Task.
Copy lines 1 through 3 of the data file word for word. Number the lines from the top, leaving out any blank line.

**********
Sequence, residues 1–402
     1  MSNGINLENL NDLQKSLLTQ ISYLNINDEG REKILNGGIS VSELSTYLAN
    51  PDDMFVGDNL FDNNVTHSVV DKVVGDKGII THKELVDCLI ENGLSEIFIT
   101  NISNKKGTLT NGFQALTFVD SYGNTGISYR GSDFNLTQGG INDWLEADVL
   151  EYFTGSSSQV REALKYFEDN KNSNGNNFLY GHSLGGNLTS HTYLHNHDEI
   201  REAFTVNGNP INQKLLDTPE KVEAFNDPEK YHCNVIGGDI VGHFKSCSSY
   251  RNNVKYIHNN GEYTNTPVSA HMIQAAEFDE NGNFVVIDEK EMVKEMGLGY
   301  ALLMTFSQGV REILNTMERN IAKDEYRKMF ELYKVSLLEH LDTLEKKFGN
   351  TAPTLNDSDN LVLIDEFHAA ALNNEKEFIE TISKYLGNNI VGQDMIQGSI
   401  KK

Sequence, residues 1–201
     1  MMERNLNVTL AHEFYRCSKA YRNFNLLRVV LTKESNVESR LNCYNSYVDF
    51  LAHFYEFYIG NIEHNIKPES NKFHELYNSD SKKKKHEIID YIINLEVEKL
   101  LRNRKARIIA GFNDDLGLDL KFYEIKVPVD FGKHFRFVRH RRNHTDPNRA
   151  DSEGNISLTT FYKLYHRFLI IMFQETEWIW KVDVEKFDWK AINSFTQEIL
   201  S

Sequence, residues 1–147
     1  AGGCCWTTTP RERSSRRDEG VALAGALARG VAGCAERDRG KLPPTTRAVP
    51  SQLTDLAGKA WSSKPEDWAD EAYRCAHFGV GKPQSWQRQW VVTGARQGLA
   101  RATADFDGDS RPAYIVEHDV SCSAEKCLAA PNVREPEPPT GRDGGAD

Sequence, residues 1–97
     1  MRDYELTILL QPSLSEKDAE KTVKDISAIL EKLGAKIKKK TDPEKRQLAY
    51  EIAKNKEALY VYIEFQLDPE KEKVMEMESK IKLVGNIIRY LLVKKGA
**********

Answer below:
Sequence, residues 1–402
     1  MSNGINLENL NDLQKSLLTQ ISYLNINDEG REKILNGGIS VSELSTYLAN
    51  PDDMFVGDNL FDNNVTHSVV DKVVGDKGII THKELVDCLI ENGLSEIFIT